Omphalocele always has a sac (may be ruptured); gastroschisis never has a sac

Where can the umbilical cord be found in gastroschisis compared to omphalocele?

In gastroschisis the umbilical cord if found to the left of the defect; in omphalocele the umbilical cord is attached to the sac

Infant with poor PO intake, life-threatening episodes of apnea (near miss SIDS), chronic cough, arching, recurrent pneumonia, asthma, hoarseness. Most likely diagnosis:

Gastroesophageal reflux disease (GERD)

Preoperative evaluation for GERD:

UGI—exclude other causes of vomiting

Gold standard is pH monitoring.

Endoscopy of esophagus, larynx, and trachea

Management of GERD:

Nonoperative: Thicken formulas, small feeds, acid suppression, modify posture

Operative: Nissen fundoplication

Indication for operative management: Failure of medical management, multiple aspiration, near miss SIDS, esophageal stricture, FTT


Most common TEF:

Gross type C (Type C—90%, Type A—7%, Type E—3%)

Describe Type C TEF:

Proximal EA (blind pouch)—distal tracheoesophageal fistula (TEF)

What is the 2nd most common TEF?

Type A

Describe Type A TEF:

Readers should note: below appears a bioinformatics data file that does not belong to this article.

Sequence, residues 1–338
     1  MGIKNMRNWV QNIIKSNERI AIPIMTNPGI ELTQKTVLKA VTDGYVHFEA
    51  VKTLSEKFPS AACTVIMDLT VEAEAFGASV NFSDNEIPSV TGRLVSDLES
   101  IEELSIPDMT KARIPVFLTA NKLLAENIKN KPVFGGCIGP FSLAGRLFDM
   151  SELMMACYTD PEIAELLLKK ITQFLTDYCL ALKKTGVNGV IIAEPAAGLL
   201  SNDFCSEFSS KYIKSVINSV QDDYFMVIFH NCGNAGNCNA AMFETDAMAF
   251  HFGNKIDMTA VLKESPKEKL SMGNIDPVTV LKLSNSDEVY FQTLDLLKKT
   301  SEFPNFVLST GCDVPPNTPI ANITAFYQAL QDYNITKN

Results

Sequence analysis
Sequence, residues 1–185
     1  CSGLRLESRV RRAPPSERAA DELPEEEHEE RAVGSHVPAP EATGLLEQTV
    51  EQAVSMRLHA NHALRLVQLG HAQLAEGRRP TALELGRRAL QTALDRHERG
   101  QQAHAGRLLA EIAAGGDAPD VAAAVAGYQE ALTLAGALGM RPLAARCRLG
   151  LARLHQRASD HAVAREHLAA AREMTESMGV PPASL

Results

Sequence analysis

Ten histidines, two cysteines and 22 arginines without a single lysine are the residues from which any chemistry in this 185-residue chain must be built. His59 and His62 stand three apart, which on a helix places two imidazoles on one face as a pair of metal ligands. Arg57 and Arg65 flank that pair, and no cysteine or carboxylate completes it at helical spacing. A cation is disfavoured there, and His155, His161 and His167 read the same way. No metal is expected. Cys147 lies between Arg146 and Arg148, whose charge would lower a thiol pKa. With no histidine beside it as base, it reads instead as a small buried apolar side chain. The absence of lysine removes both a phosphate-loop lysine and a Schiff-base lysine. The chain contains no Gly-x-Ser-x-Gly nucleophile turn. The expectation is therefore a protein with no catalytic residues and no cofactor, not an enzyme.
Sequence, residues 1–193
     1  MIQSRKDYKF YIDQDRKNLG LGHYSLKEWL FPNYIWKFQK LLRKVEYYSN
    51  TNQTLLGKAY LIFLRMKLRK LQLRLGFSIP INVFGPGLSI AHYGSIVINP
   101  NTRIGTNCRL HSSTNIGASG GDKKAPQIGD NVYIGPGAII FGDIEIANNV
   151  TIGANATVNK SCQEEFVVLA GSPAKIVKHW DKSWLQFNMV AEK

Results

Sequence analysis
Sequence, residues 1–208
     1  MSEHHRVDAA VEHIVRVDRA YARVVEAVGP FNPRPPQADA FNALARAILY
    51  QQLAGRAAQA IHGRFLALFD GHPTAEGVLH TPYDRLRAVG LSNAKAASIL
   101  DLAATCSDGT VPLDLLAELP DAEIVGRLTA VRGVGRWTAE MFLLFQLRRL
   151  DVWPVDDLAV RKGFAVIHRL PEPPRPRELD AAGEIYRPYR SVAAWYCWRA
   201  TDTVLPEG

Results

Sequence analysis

Pure EA—no TEF

What is the common presentation of Type A TEF?

Newborn spits up feeds, excessive drooling, respiratory symptoms with feeds. NGT won’t pass.


FIGURE 25-6. The 5 varieties of esophageal atresia (EA) and tracheoesophageal fistula (TEF). (A) Isolated EA. (B) EA with TEF between the proximal segment of the esophagus and the trachea. (C) EA with TEF between the distal esophagus and the trachea (D) EA with fistula between both the proximal and distal ends of the esophagus and the trachea. (E) TEF without EA (H-type fistula). (Reproduced from Brunicardi FC, Andersen DK, Billiar TR, et al. Schwartz’s Principles of Surgery. 9th ed. Copyright © The McGraw-Hill Companies, Inc. All rights reserved.)

AXR finding with Type A TEF:

Gasless abdomen, possibly with a scaphoid abdomen

Describe Type E TEF:

Normal esophagus—distal TEF

Most likely TEF to present in adulthood:

Type E

TEF is part of the VACTERL group of anomalies. Describe VACTERL: